Smith a bit too focused in light grifter feature

By Bob Bloom
The fun aspect of watching movies about con men and women is that you never know who is really doing what to whom.
And since you can’t trust what you see, it makes the movie even intriguing as you strain for clues about what is actually going on.
That about describes the substance of “Focus,” in which Will Smith plays Nicky, a big-time grifter who lies as easily as taking a breath.
Things are going fine for Nicky until he meets Jess (Margot Robbie), a focusstunning blonde who also happens to be a con artist — but not a very good one.
Nicky is smitten with Jess and reunites with her in New Orleans, where she assists in the scams his crew is running during Super Bowl week.
“Focus” is an imperfect caper feature. Some plot points don’t make sense and go unexplained, while others are telegraphed as if by Western Union.
But the film is such a fluffy confection that you overlook its flaws and simply sit back and go along for the ride.
“Focus” has a flippant air to it, as if defying you to take it seriously.
Smith, unfortunately, appears to be taking the entire enterprise too seriously. His character may be all businesslike, but it wouldn’t have hurt if he had smiled once in a while.
Robbie, so memorable in “The Wolf of Wall Street,” provides the lighter touch that is more in tune with the overall tenor of the movie.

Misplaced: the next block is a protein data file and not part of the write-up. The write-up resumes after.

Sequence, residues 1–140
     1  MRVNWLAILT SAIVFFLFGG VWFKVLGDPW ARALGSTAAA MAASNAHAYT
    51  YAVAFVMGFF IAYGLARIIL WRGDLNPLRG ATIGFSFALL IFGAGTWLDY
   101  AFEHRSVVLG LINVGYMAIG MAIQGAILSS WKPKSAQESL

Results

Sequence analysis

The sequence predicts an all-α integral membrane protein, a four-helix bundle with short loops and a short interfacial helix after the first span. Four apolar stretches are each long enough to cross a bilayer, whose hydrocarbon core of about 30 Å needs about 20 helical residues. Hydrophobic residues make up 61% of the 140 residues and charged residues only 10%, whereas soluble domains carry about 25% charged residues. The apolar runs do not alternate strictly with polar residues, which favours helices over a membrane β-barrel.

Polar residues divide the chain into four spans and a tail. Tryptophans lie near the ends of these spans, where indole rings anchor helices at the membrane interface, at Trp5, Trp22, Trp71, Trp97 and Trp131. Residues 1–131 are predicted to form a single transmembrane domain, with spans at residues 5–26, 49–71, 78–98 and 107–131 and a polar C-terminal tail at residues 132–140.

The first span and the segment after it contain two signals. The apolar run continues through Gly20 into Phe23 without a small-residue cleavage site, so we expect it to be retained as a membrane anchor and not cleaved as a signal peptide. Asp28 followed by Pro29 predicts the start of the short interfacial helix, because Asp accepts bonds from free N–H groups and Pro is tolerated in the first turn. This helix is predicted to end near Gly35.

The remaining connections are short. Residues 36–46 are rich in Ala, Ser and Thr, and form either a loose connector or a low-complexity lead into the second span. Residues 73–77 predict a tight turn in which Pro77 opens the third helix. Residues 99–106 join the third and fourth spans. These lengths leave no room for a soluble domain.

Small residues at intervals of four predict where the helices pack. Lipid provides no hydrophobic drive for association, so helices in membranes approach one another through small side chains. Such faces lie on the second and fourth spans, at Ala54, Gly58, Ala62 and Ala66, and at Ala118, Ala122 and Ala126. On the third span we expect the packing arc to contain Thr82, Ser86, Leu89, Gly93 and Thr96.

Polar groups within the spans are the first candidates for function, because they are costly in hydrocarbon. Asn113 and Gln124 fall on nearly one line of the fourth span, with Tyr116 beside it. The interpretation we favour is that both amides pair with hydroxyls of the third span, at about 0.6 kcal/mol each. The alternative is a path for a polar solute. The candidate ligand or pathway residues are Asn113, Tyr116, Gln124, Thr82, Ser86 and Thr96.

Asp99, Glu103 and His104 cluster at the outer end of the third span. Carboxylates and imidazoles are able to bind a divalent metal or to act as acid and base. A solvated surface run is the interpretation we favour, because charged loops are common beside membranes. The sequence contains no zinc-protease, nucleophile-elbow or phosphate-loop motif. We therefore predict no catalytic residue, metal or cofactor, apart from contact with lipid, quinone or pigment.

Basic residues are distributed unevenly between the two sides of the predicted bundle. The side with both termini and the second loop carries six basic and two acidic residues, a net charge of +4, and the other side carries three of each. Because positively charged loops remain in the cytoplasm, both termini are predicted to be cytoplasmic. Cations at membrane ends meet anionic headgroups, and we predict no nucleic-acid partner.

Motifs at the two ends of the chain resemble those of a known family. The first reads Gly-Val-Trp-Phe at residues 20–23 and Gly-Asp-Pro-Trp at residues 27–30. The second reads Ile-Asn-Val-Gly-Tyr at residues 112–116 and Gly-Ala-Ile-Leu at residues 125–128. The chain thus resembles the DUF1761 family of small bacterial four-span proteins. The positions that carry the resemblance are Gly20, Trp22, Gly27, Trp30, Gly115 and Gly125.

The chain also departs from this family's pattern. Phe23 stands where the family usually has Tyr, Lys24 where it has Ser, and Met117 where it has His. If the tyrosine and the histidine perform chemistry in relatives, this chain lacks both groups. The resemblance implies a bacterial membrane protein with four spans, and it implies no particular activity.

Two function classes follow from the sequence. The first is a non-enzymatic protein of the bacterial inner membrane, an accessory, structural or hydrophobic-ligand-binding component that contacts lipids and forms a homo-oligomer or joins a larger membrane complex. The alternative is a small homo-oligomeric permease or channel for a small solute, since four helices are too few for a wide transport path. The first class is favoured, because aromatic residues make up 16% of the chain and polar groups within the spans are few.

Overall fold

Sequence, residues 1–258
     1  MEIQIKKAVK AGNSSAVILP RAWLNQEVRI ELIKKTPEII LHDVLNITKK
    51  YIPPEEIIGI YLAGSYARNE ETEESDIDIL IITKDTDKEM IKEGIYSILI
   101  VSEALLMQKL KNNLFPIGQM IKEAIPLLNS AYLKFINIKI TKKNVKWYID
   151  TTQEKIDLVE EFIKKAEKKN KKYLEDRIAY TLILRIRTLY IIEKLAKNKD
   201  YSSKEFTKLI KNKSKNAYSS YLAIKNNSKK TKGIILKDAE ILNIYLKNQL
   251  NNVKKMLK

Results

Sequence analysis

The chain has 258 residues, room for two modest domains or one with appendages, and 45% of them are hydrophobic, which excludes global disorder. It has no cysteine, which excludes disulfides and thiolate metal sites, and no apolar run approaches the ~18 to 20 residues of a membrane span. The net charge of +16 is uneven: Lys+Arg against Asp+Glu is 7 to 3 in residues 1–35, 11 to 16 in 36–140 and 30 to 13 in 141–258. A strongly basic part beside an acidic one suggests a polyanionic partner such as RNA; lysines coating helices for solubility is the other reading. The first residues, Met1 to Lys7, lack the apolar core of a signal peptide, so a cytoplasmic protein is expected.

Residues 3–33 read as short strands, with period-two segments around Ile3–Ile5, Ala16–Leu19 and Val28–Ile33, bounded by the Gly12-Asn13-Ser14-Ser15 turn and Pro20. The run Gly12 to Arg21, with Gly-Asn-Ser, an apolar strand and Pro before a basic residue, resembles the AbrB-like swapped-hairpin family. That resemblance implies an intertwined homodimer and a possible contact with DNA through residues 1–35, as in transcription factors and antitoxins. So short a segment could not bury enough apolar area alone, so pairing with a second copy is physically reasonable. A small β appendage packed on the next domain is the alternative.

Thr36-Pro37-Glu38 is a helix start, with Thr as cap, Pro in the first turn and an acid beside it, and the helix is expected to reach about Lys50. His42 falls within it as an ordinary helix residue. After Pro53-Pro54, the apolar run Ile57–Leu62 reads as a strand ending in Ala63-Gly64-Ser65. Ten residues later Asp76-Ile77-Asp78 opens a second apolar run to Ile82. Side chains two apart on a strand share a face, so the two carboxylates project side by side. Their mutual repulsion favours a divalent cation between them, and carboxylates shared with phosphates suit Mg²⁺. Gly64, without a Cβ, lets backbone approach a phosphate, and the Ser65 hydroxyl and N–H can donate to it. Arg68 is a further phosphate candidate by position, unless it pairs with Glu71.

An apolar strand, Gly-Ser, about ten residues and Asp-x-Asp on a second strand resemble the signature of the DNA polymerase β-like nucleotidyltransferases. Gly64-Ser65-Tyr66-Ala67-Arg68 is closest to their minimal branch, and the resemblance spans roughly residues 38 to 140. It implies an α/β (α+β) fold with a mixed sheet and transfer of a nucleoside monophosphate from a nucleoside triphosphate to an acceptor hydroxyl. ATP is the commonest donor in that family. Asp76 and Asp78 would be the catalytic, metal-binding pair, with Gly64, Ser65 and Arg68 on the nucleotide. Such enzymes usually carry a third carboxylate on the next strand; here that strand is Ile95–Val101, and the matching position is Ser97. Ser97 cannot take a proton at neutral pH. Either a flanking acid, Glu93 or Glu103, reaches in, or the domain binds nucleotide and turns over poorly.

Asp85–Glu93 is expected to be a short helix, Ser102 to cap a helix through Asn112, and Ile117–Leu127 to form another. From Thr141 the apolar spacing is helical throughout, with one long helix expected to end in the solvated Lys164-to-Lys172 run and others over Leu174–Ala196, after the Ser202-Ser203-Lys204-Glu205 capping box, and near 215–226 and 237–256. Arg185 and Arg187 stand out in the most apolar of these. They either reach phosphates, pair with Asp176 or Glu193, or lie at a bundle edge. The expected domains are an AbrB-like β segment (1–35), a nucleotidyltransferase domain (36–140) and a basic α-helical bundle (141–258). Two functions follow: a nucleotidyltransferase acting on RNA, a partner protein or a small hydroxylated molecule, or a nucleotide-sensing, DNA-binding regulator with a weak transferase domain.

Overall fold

Why her character seems to fall hard for Nicky is never made clear. Yes, he’s smart and can exude charm when necessary, but overall, he lacks fire.
Which brings us to the main problem of “Focus”: John Requa and Glenn Ficarra, the writers-directors, try to mesh a love story with a caper film and come up a bit short on both accounts.
The pair, who made the lovely “Stupid Crazy Love,” cannot find a consistent tone for their film. One minute we’re following Nicky as he works a scam at a racing event in Buenos Aires. The next, we are eavesdropping as he and Jess exchange longing glances.
None of these criticisms should deter you from seeing “Focus.” It is an enjoyable feature with some wonderful set pieces, especially a sequence set in the streets of New Orleans where we watch Nicky’s crew of pickpockets ply their trade.
“Focus” will make a nice date movie because it features good-looking people, scenic locations and a story that may keep you guessing — at least for a little while.
Bloom is a member of the Indiana Film Journalists Association. His reviews appear at Reel Bob ( and The Film Yap ( He also reviews Blu-rays and DVDs. He can be reached by email at or on Twitter @ReelBobBloom. Other reviews by Bloom can be found at Rottentomatoes:

2 ½ stars out of 4
(R), language, sexual situations, violence

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